Barbiturates................................................200
Opiates
Morphine.......................................4000
Codeine..........................................2000
6-MAM (Heroin)............................10
Phencyclidine(PCP).....................................25
Lysergic Acid Diethylamide(LSD)..............0.2

3. Drug Detection Times. Time periods which drugs and drug metabolites remain in the
body at levels sufficient to detect are listed below.

Drug Approximate Retention Time

Marihuana (THC)(Half-life 36 hrs)
Acute dosage (1-2 joints)...................................2-3 days
Eaten Marihuana................................................1-5 days
Moderate smoker (4 x wk)..................................5 days
Heavy smoker (daily)..........................................10 days
Chronic smoker....................................................14-20 days (maybe longer)

Drug Approximate Retention Time

Cocaine (BZE)(Half-life 4 hrs)................................2-4 days

Amphetamines..........................................................1-2 days

Barbiturates
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Short acting (secobarbital)...................................1 day
Long acting (phenobarbital).................................2-3 weeks

Opiates.........................................................................2 days

Phencyclidine(PCP).....................................................14 days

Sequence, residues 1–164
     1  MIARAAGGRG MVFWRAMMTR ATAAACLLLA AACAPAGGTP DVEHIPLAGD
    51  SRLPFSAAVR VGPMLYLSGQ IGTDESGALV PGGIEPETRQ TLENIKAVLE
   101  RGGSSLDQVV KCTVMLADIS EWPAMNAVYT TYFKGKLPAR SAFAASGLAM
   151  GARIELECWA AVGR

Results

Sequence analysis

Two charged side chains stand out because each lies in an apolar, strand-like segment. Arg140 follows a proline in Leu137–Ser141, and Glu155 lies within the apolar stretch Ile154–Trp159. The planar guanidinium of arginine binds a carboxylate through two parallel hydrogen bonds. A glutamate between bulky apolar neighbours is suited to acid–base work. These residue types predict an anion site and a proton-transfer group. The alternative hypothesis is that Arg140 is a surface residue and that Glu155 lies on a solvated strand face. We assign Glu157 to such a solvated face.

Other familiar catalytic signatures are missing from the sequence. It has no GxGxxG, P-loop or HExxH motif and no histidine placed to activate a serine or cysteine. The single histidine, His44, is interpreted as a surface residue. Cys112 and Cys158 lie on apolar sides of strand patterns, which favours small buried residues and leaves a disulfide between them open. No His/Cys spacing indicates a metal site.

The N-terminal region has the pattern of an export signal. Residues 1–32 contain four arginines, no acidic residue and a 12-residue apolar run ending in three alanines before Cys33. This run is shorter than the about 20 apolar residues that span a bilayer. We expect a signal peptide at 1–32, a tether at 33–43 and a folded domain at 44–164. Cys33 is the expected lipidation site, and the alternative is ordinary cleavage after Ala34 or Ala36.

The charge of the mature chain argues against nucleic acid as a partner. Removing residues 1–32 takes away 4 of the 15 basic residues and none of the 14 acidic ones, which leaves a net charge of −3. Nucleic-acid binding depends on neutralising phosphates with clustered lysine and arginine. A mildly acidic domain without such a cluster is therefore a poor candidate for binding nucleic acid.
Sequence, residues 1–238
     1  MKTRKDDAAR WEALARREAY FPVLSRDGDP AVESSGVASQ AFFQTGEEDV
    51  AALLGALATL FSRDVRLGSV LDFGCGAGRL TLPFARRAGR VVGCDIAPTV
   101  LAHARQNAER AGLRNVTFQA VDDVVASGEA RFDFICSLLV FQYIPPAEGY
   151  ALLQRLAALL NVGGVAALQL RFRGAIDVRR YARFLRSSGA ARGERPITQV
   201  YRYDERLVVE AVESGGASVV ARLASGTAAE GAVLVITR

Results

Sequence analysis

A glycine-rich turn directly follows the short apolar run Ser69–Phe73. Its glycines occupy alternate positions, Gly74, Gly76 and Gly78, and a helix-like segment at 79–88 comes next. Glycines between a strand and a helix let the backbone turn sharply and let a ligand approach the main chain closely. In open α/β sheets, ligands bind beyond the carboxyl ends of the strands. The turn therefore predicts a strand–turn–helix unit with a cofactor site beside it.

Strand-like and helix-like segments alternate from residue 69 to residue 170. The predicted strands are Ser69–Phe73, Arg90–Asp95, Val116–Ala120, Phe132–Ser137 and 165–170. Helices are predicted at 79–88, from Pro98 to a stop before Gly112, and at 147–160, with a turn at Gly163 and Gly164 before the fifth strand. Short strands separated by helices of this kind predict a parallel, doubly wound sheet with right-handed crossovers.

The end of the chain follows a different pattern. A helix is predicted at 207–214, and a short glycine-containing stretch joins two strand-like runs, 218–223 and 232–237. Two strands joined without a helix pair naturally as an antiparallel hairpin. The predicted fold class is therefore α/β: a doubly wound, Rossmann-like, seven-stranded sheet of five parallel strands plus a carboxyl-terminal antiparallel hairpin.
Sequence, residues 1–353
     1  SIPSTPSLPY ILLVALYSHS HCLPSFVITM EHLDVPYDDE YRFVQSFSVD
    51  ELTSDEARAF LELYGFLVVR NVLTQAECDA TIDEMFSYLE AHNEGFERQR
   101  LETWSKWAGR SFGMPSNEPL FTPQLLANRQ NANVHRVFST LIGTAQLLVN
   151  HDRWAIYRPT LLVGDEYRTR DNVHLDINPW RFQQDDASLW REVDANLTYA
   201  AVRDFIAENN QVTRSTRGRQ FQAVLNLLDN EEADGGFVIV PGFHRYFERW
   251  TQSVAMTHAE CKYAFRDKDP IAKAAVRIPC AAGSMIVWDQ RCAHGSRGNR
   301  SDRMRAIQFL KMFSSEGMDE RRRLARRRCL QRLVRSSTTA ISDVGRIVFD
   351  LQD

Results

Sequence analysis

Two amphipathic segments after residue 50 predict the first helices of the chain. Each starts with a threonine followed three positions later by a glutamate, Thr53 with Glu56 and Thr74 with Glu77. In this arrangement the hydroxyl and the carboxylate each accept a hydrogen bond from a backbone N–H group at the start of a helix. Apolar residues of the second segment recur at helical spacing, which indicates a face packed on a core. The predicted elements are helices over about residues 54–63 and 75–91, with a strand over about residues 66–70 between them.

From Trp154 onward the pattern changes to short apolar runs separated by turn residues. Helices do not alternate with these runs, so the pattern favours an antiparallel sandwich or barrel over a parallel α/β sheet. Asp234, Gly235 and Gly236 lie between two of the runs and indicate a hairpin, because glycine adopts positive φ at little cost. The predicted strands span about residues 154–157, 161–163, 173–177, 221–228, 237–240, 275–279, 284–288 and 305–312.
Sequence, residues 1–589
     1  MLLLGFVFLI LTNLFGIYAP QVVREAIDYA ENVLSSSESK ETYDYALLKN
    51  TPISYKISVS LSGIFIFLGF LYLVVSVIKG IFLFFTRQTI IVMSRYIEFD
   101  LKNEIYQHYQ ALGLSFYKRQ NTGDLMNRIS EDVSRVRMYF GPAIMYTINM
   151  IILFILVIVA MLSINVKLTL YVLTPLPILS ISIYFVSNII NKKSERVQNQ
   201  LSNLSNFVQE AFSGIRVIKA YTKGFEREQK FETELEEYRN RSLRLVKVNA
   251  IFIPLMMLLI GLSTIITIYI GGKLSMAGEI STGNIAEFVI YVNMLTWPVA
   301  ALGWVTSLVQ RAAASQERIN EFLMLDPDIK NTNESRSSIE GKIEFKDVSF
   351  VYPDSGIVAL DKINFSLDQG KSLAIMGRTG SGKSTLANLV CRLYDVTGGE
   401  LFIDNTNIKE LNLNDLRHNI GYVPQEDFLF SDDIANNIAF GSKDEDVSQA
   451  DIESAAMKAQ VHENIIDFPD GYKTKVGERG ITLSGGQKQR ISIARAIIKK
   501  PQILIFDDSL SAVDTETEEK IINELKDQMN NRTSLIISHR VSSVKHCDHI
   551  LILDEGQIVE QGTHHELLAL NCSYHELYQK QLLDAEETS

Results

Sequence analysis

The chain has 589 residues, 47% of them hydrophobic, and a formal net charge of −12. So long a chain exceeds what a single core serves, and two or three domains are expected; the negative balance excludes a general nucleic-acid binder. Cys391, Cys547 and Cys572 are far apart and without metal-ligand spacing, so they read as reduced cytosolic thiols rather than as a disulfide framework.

Chronic user:...........................................................up to 30 days

Lysergic Acid Diethylamide(LSD)................................8-30 hrs.

4. Initial Screening Data - usually test 5 of 7 drugs

5. Radioimmunoasa (RIA)

6. Screening Tests (KIMS)

a. Initial Screening Test - Kinetic Interaction of Microparticles in Solution
(KIMS).

b. KIMS does not give a nanograms per milliliter count, only an index value
showing sample is positive/negative for drug
metabolites

c. Purpose is to eliminate majority of negative specimens

d. Test based on immunological principals, similar to the way an animal creates
antibodies for a specific virus. Test utilizes animal antibodies to
attach to any antigens present in a sample. The test then measures the transmission
of light through sample (more light, more positive). Every positive screened twice.

e. Open Quality Control Samples vs. Blind Quality Control Samples

f. Verification Screening Tests

7. Confirmation Test (GM/MS)

a. Gas Chromatography/Mass Spectrometry - "Gold Standard" of forensic
toxicology

b. Solvent blank

c. Extracted Standard/Internal Standard

d. Low Quality Control Standard

e. Blind Quality Control

f. Blank Specimen